It is clear that some of the rhetoric during this campaign encouraged an ignorance about various ethnic groups and religions.  It also empowered white-supremacists and gave a voice to those who exploit minorities, as is evidenced by the increase in hate crimes and racist incidents since the election. This must be rejected and battled at every turn.

Nelson Mandela said, “Education is the most powerful weapon which you can use to change the world.”  We need to use our knowledge to educate people about different cultures and beliefs. We need to show them the beauty of a diverse society; the strength we derive when we all work together to solve problems. We need to support those who are struggling and fearful, and show them that they are valued, appreciated and heard.

Join us as we launch our non-partisan campaign to Celebrate Diversity!

What can you do?

  • Share your thoughts and ideas on our blog, or via Facebook and Twitter with the hashtag #CelebrateDiversity.
  • Post your beautiful images of diversity on Instagram. Share your videos about diversity on YouTube.
  • When you need encouragement, look at the images and ideas that others have shared.

Celebrate Diversity – Resources

For ideas on celebrating diversity, and teaching children about other ethnicities, religions and cultures, take a look at some of our ideas on the subject, and share your own with us!

How are you educating others about diverse religions and cultures? How are you supporting children (and adults) who are anxious and fearful about their future?

“#68 A Pair of Hands – Holding Hands” by RichardBH via Flickr is licensed under CC BY 2.0 https://flic.kr/p/fAn6w8

Branching Out: Idioms & Language Learners

idioms in many languagesLearning a new language is hard work – definitely no walk in the park! As a teacher, parent or student, you may find yourself so busy with the basics of vocabulary, pronunciation and grammar that you’re hesitant to add any more work. But idioms – sayings with a shared meaning in a community, which aren’t decipherable from their words alone – are an important part of language learning, too. Read on for some helpful tips to “pave the way” to learning idioms in a new language.

Why are Idioms Important to Language Learners?

The English language has thousands (maybe even tens of thousands) of idioms, so there’s a significant amount of day-to-day communication that can be conducted through idioms. Without lessons in local idioms, communicating effectively can be that much more difficult for a language learner.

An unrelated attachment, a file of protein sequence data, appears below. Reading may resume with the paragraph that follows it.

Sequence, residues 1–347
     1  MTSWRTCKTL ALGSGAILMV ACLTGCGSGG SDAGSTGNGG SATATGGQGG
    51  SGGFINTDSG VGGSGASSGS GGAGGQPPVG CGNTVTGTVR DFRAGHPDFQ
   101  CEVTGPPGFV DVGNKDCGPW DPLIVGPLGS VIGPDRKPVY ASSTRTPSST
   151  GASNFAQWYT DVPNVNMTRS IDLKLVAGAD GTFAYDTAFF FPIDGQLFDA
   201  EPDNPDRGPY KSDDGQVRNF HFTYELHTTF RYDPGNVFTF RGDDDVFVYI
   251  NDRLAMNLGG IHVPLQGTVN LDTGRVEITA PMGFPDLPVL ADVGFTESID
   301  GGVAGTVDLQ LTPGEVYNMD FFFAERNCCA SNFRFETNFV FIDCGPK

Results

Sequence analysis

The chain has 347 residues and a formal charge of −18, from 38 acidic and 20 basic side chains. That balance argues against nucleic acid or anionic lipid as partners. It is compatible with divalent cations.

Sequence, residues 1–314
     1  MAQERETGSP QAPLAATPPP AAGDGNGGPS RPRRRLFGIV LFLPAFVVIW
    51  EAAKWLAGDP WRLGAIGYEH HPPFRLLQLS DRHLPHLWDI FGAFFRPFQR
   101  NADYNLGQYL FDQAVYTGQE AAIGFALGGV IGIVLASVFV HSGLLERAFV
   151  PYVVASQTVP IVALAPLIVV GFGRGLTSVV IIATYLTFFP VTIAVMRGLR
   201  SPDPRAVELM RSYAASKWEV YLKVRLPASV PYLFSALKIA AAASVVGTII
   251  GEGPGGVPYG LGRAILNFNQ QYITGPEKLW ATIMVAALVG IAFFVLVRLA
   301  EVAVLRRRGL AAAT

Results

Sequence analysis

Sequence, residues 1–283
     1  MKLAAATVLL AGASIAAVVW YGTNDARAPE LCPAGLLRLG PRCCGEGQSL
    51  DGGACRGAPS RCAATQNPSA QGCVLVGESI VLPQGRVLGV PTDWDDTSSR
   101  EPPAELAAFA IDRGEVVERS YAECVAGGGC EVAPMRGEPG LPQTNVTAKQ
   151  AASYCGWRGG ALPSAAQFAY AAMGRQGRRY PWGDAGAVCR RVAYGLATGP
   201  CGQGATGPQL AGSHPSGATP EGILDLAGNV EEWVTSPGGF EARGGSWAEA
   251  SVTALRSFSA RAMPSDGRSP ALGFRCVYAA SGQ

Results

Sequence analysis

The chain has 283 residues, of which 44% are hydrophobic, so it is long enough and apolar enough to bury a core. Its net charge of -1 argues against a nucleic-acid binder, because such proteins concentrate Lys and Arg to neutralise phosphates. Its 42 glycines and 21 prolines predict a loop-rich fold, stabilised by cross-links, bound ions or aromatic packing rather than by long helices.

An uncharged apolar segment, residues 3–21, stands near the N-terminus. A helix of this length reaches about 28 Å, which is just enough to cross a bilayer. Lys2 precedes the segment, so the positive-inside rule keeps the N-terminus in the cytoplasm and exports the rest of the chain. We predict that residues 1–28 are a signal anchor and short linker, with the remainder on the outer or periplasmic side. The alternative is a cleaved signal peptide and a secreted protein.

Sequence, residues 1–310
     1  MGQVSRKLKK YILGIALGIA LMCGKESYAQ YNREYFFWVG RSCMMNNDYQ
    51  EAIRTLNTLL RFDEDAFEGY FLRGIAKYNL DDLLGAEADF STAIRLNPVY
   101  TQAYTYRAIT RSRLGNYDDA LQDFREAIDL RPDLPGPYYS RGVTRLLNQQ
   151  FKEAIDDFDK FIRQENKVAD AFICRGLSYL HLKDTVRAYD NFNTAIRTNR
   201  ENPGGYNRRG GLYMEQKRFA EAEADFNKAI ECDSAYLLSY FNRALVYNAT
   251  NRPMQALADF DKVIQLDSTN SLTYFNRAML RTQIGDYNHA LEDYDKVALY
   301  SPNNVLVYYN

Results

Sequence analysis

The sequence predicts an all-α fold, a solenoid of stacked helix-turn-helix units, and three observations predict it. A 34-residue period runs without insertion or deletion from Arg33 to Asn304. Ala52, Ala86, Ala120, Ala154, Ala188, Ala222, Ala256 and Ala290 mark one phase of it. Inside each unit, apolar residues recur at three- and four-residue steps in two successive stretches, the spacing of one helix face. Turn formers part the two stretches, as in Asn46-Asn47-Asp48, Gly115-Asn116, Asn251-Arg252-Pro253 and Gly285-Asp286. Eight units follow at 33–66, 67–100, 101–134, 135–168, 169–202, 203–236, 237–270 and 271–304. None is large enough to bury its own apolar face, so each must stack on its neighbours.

For older students, especially, learning idioms can be one of the most fun parts of learning a new language. It also helps them get a better sense of the spirit of the community, and understand what that culture values most.

Tips to Teach Idioms

You’ll want to start by choosing a handful of idioms to explore with your language learners. Make your choices based on the most likely social scenarios they will find themselves in, according to their age and development level.

Make lessons fun by using idioms in sample sentences, and asking students to guess their meanings from their context. You may want to include pictures that illustrate when and how the idioms would be used.

Remember to have students practice how to use each idiom properly, since this type of communication can very nuanced. It’s best to teach idioms verbally, and have students practice by role playing.

What are you favorite idioms, in English or another language? Comment and share below!

 

Spanish Language & Spanish Children’s Books: Facts, Figures & Resources

Spanish countryside

Today’s spotlight language is Spanish! We offer some background information and interesting facts about the language, as well as help finding children’s books in Spanish.  Interested in learning about other languages as well?  Check out our series of posts on world languages, including French, Hindi, Russian and Japanese!

Where is it spoken?

Spanish is spoken by an estimated 560 million people around the world. It’s the official language of Spain and Mexico, as well as 20 other countries. It is the second most commonly used language in the world.

How Many People Speak Spanish in the US?

According to the most recent Instituto Cervantes data, there are about 41 million native Spanish speakers in the US, and another 11 million who are bilingual. There are large Spanish speaking populations in New Mexico, California, Texas and Arizona. There are currently more Spanish speakers in the US than in Spain. In fact, only Mexico surpasses the US in terms of number of Spanish speakers!

Interesting Facts About Spanish

In some parts of the world, Spanish is referred to as “español” or “castellano.”

The rolled “r” sound is one of the most challenging aspects of learning to speak Spanish.

In many Spanish speaking countries, when greeting informally, it’s common to kiss on each cheek.

Spanish Books – Bilingual Children’s Books

If the kids in your life speak Spanish, or are learning the language, you may want suggestions on some of the best bilingual Spanish kids books and audio books.  Many engaging and popular stories with text in both English and the Spanish language are available, including Lima’s Red Hot Chilli , Goldilocks and the Three Bears, The Three Billy Goats Gruff and The Giant Turnip.  There are also book sets that allow for interactive learning via a special Talking Pen, audio books and an interactive Spanish picture dictionary.